Today’s feature spots casts its lens on Meat Wave, a band that’s played a pivotal role in the development of this site and the music it covers. Their first record, an incredible self-titled effort, was the very first tape I ever wore thin in various spots. The trio was also one of the only bands to secure an On the Up inclusion (an assessment that’s continuing to come to fruition in some genuinely unexpected- and exhilarating- ways) and took part in the first Heartbreaking Bravery showcase. Now, they’ve signed to SideOneDummy and are upping the anticipation for an incredible record entitled Delusion Moon that will be out on September 18.

Meat Wave’s most recent move in the rollout campaign for Delusion Moon came earlier today with the unveiling of the video for the record’s vicious title track. Just as the song drives home a foreboding feeling with no shortage of a venomous menace, the video aims to unsettle in a similar fashion. Utilizing strobes and some inventive film editing, the Andrew Robert Morrisson-directed clip finds value and inspiration in aggressive minimalism, much like the music of its subjects. It’s a deeply disorienting watch, opting for a bold cognitive dissonance that’s presented in a way that feels removed from countless other clips’ meager attempts at producing similar results. Ultimately, “Delusion Moon” is defined by its convictions and the end result is a striking, memorable triumph.

Watch “Delusion Moon” below and pre-order the record from SideOneDummy.

First Quarter Songs, Pt. 1 (Mixtape)

Protomartyr XV

We’re a little more than three months into 2015 and the influx of great new material in the year’s first quarter has been astounding. It was a transitional time period for the site, with dozens of authors pitching in personal recollection pieces regarding the previous year. During that time, I also started a full-time position, disallowing a production rate as frequent as the one held throughout the entirety of 2014. However, during these opening months, I haven’t stopped listening, collecting, exploring, and thinking about every new release that I was fortunate enough to find. There are more than 250 songs, 90 full streams,  and 115 music videos to cover, so- while a few will be given full features- it only made sense to bring everything up to speed via long lists of the things worth mentioning. To begin, here are 25 great songs from 2015 that deserve to be heard. Don’t let the fact that there are no accompanying descriptions short-change the value of these songs; this is the first batch of what already looks like the strongest crop of new music we’ve had in years. The track list, and embedded player, is below. Listen to these songs, pay attention to these artists, buy these records, and go to their shows. Don’t make the mistake of letting any of them pass by unnoticed.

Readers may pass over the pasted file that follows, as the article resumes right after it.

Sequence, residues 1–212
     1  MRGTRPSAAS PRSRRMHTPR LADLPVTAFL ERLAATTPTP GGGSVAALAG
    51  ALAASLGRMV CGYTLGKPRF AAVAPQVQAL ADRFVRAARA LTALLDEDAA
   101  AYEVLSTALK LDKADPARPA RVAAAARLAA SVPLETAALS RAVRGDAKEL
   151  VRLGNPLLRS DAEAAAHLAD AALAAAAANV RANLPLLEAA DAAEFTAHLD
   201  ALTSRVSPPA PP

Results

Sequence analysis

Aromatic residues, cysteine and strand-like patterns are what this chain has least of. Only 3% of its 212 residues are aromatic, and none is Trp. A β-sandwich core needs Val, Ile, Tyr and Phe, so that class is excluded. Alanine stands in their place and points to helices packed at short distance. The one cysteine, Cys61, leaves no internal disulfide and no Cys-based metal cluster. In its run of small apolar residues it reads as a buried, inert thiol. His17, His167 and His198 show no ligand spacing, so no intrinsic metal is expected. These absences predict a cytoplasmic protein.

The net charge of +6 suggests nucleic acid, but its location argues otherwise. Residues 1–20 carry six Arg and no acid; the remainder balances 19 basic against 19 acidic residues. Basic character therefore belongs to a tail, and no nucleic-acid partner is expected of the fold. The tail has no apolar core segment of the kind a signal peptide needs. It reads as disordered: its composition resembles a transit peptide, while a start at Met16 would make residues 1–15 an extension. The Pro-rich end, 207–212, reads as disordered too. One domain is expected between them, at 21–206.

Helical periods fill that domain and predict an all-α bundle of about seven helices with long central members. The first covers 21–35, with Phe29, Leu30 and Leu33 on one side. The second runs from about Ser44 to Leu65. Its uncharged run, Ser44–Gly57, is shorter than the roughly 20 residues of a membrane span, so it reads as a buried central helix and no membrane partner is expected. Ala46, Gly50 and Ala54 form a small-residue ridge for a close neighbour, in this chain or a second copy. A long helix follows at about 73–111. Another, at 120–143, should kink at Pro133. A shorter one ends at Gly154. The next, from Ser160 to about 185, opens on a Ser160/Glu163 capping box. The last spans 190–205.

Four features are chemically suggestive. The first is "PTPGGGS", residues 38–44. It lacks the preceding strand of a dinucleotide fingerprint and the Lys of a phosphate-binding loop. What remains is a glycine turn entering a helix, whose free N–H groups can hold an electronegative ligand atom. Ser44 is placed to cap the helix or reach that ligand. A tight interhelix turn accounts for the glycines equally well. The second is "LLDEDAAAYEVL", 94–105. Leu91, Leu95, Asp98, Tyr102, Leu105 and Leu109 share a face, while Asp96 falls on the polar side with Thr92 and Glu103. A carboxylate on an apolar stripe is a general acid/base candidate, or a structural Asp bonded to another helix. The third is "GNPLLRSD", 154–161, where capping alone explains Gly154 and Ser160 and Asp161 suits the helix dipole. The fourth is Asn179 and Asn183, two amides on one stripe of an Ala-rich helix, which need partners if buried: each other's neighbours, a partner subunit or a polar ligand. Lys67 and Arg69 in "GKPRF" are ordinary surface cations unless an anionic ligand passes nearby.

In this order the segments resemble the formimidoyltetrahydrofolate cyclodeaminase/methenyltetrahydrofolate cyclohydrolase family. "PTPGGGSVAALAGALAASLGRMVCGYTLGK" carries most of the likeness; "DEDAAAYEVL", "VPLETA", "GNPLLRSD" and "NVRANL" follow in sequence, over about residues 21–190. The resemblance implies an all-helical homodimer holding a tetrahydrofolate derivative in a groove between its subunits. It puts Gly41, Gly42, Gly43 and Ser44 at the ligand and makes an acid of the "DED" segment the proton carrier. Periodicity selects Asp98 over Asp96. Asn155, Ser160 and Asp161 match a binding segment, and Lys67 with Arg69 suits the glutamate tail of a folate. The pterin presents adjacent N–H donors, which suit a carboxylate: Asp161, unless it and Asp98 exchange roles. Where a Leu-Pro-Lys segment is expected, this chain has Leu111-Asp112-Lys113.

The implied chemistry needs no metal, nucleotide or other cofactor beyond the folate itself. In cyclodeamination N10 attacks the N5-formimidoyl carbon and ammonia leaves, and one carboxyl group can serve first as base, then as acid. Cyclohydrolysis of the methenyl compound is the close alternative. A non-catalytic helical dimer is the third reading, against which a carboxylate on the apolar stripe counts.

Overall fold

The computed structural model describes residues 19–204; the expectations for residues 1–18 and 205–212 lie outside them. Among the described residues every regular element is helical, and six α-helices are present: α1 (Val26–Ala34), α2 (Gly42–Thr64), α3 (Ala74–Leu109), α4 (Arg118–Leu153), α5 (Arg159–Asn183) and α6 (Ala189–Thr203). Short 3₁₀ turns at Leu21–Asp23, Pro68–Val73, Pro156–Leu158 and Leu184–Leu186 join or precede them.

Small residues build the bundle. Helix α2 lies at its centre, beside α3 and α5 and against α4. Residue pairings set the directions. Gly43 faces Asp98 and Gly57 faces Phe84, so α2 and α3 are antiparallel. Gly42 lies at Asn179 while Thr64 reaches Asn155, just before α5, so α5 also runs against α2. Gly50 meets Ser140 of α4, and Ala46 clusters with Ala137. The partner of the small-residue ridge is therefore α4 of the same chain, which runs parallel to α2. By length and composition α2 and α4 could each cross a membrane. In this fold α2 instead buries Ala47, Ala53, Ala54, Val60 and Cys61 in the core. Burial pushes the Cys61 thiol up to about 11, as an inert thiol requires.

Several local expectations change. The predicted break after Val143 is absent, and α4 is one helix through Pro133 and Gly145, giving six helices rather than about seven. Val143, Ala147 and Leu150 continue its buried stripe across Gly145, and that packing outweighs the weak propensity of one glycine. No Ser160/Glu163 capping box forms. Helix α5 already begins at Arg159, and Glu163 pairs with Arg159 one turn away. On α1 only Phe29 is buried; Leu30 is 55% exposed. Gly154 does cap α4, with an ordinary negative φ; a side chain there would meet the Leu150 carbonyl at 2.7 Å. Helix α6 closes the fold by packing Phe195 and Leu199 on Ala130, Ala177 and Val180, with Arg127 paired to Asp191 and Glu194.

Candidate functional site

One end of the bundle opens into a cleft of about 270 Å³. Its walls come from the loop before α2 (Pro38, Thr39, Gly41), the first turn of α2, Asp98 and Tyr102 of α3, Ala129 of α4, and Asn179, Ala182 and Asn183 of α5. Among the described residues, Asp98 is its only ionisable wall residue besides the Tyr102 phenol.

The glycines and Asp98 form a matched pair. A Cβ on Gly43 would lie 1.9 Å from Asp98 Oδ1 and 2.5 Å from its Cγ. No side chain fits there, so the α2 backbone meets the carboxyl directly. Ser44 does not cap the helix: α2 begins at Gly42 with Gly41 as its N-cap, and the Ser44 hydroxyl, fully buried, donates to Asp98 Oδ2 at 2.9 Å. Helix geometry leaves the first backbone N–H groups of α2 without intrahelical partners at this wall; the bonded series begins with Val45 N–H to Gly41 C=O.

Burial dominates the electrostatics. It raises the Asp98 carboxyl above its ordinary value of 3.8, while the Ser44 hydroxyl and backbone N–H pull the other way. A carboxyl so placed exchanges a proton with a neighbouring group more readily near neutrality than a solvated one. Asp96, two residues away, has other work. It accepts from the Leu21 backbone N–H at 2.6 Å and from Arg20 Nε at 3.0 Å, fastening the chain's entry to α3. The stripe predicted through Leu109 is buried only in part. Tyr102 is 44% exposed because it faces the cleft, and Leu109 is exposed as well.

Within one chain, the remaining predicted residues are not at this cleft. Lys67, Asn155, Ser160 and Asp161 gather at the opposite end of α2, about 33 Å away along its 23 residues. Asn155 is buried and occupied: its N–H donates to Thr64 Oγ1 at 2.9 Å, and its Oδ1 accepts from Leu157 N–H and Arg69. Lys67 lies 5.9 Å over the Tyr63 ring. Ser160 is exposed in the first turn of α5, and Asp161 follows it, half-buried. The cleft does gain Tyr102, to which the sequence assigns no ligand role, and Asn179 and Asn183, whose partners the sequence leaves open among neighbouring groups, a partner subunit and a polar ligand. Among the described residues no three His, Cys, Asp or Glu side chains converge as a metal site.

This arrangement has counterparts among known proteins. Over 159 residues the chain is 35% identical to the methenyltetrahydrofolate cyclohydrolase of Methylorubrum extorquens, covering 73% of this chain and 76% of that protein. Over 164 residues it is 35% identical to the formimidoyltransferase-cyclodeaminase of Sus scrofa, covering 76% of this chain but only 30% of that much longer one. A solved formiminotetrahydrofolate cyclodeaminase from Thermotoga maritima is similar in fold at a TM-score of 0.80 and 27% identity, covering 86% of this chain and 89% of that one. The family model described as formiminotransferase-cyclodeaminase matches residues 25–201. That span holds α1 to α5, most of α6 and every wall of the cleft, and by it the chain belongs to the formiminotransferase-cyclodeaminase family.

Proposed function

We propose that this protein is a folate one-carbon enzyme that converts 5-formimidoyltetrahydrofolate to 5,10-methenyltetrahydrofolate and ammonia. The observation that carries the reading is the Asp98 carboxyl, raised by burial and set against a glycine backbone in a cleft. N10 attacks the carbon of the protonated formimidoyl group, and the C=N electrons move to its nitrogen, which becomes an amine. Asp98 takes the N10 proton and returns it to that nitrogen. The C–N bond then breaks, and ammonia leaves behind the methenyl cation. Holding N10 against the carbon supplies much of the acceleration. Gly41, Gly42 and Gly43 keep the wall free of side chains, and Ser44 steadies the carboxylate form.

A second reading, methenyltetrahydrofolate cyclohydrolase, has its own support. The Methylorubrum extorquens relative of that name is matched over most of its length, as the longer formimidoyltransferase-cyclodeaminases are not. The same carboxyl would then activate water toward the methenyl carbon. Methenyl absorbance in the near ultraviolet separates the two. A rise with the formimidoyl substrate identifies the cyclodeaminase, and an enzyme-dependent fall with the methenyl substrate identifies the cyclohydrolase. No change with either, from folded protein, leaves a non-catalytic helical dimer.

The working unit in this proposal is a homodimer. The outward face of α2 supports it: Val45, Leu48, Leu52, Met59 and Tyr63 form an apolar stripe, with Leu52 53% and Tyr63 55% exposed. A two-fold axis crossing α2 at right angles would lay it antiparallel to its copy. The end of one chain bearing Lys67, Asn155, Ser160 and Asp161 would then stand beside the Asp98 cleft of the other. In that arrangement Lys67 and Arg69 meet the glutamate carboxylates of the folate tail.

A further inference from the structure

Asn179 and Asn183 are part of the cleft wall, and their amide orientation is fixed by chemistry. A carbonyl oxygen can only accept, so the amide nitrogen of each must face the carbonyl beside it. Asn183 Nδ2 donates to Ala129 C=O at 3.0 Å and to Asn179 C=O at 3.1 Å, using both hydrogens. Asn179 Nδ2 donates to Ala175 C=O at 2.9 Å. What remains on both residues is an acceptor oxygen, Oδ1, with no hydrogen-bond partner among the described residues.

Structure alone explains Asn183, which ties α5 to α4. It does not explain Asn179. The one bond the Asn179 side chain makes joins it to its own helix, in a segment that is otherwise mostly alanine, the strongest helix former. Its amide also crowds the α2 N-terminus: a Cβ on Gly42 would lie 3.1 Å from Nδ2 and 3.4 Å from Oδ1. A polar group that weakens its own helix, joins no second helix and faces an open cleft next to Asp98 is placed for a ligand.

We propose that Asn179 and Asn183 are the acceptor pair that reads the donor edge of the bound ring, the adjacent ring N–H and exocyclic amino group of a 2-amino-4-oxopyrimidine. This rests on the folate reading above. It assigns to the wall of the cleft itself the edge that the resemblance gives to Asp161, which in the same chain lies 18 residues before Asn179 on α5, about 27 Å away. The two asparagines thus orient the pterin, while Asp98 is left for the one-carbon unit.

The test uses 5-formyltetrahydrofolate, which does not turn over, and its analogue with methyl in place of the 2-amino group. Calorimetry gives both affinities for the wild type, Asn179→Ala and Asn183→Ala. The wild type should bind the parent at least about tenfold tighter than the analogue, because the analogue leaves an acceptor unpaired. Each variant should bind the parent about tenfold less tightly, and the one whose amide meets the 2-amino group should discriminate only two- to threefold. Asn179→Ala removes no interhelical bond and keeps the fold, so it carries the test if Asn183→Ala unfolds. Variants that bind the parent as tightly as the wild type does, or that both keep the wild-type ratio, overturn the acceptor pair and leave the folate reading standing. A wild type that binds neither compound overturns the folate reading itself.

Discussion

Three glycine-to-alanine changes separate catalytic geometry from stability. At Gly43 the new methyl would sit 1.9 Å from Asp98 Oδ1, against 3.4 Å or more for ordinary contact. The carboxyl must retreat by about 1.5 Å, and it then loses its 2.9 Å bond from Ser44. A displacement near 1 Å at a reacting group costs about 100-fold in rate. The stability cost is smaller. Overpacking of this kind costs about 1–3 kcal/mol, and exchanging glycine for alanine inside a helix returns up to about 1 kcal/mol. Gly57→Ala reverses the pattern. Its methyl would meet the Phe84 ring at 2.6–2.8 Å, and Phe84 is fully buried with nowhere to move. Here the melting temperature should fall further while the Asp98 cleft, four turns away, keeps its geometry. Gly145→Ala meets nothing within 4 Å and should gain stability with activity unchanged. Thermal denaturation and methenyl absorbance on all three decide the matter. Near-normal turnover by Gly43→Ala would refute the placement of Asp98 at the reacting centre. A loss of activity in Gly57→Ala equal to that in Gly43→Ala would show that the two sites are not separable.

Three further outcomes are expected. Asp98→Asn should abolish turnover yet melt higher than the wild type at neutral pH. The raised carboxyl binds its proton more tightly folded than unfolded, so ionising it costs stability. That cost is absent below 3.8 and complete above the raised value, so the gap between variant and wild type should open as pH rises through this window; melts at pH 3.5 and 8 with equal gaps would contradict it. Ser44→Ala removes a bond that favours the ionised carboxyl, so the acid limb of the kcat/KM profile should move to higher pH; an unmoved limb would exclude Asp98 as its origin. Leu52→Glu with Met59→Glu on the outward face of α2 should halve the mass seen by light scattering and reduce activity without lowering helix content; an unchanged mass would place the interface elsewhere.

1. The Juliana Hatfield Three – Wood
2. Swerverdriver – Autodidact
3. Gal Pals – Here’s to the Gals
4. Chastity Belt – Time to Go Home
5. Beech Creeps – Times Be Short
6. Will Butler – Take My Side
7. Dick Diver – Tearing The Posters Down
8. Shadow Age – A Portrait of A Young Man Dying
9. The Zoltars – Sincere
10. Robot Princess – Action Park
11. Colleen Green – TV
12. Alex G – Sarah
13. Sam Cook-Parrott & Allison Crutchfield – Something About What Happens
14. Chris Weisman – Don’t Be Slow
15. Dorthia Cottrell – Oak Grove
16. Cloud Castle Lake – Glacier
17. Simon Joyner – You Got Under My Skin
18. Eaves – Spin